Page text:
I’m writing to express my concern, disappointment and frustration with ticket sales and promotions for events at the Morinville Community Cultural Centre. My wife and I live in Edmonton and are great lovers of the arts. Not only do we support our local symphony, opera, and several Edmonton theatre troupes, we frequently buy tickets to events in outlying areas. Favourite venues include Horizon Stage in Spruce Grove, The Arden in St. Albert, and Festival Place in Sherwood Park. We enjoy getting out of town and sampling the seasons in our neighbouring communities whenever possible.
Last year we also attended two shows at the Morinville CCC, and would have very likely gone to more of them if they had not been so poorly promoted. We missed Al Simmons, for example, who is a longtime family favourite – we only learned of his show after the fact. The CCC is a beautiful facility, and Morinville is a charming town with several good choices for dinner, a drink or a coffee before the show. The Town of Morinville, and the taxpayers who supported the building of the CCC, have ample justification to feel proud. So why are the town hiding this wonderful light under a bushel? Why is the CCC not doing more to advertise its shows outside of Morinville? And why does the CCC box office wait so perversely late to put its tickets on sale?
While it is true that CCC tickets can usually be found at Tix on the Square close to the day of the show, the Tix website (and the physical box office, which is located on Churchill Square in downtown Edmonton) carries tickets for literally hundreds of cultural and sporting events. Trust me when I say that Morinville’s shows are getting lost in the deluge of listings. If we didn’t have good friends who live in Morinville, we likely would never have known about shows by The Polyjesters and Lorne Elliot, which we enjoyed very much.
This year, we have already booked more than a dozen shows for the 2012-2013 seasons of the Arden, Festival Place and Horizon Stage – and we’ve had the tickets for these shows in our possession for more than a month. This advance planning was possible because we received flyers in the mail from the venues and were then able to go to their websites (or call the box offices directly) to purchase tickets. Obviously the Arden and Festival Place are bigger venues than the CCC, but your facility makes Horizon Stage look like a church basement. So what is the fabulous and shiny new CCC doing to promote its shows?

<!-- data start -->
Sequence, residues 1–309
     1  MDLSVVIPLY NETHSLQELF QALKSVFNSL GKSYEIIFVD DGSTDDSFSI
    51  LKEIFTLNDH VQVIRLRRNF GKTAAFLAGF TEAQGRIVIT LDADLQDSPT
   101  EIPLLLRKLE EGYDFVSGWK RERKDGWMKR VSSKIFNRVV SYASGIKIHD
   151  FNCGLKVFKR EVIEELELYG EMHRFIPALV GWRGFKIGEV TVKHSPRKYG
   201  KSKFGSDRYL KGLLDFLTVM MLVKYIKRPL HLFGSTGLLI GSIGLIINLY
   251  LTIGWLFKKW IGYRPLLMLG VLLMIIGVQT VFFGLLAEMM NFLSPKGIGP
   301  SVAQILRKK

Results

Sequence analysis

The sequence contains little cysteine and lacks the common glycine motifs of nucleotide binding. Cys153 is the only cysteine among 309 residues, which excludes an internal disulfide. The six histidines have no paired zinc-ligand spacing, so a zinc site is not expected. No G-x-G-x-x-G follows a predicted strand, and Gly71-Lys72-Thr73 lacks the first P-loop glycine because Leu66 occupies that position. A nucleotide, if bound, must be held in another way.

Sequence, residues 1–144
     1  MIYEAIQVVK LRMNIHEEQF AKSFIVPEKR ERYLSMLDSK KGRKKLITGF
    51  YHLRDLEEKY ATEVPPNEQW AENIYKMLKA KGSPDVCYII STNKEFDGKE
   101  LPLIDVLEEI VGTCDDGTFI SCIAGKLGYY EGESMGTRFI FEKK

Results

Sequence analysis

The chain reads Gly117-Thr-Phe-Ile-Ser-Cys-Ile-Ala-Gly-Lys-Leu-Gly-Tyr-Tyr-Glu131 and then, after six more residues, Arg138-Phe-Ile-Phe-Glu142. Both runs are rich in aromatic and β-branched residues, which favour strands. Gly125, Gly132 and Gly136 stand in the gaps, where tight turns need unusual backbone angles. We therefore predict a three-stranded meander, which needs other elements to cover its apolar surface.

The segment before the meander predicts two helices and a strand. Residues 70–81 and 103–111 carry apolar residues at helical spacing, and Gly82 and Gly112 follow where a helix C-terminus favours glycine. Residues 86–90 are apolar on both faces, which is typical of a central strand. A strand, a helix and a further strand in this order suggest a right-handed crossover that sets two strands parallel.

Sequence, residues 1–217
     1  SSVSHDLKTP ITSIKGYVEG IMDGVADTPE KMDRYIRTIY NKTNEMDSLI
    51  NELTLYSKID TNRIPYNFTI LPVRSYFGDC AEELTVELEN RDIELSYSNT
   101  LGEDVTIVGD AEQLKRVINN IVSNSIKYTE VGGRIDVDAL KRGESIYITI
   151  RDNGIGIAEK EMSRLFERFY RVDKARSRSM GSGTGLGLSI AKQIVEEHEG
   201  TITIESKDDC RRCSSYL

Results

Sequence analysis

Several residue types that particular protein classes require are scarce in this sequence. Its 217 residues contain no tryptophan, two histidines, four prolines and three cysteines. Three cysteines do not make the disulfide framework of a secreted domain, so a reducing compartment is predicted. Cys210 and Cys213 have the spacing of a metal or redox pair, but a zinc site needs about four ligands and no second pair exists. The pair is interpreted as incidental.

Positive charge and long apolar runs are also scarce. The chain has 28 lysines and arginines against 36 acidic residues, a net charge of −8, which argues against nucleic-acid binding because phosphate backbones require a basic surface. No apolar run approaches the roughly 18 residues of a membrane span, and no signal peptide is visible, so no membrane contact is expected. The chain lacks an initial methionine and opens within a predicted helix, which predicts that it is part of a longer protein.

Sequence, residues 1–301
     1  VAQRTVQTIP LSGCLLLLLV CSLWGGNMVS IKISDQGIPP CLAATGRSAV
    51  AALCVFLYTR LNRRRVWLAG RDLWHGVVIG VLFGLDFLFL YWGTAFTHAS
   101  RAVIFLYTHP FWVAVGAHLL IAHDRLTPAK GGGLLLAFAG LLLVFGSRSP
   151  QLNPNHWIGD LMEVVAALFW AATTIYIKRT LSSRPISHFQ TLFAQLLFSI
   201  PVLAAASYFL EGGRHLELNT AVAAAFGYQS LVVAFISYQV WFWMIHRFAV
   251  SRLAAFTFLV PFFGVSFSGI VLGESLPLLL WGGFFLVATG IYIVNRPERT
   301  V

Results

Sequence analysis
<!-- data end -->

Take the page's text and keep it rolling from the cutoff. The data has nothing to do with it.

Very little, as it turns out. My wife and I actually happened to be in Morinville on Monday, September 10, and we stopped by the CCC box office to try to get information about shows. There were no posters or visible promotions of any kind on display for upcoming events. We almost left, having assumed that there would not be any shows this fall after all. After inquiring at the box office, the manager handed us a single-page colour handbill listing twelve shows and dates, with no further details given. The first of these shows, by the excellent Jesse Peters Trio, was scheduled for September 28, just over two weeks from the day we visited town. We spotted at least four shows of interest and offered to buy tickets immediately. Incredibly, no tickets were available for any of the performances! The box office manager informed us that “we could come back on Thursday,” which simply was not an option for us.
We took the handbill home, hoping to order tickets later. The top of the flyer advertised “full season and ticket information available at morinvillecentre.ca,” so we tried to visit the website the next day – only to discover that there is no such website! Browsers are redirected to the Town of Morinville’s website, where there is no further information about the CCC season, and no way to purchase tickets.
Is there any kind of vision or business model at work here? The facility has been open for more than a year and has no website, no online sales, no promotions to speak of, and no way to buy tickets to a show, not even at the venue itself – with less than two weeks left before the start of the season. This is no way to run a cultural centre, and it’s no small wonder that last year’s shows consistently lost money.
My wife and I are actively trying to support the CCC and the Town of Morinville, and yet it is almost an uphill battle to learn of events or procure tickets. It’s time to decide whether you want to run shows at the centre or just use the magnificent new building as a town hall and multipurpose room. If you’re serious about the CCC living up to its name and attracting the audiences it richly deserves, it is long past time to pay attention to how successful venues are managed – even lesser ones like Horizon Stage. These places are running circles around you by simply building a website, doing some rudimentary promotions, and making their facilities customer friendly. The current tactics of the CCC management, or lack thereof, are bizarre and self-defeating. It simply shouldn’t be such hard work to go to a show!
Frustrated and ticketless in Edmonton,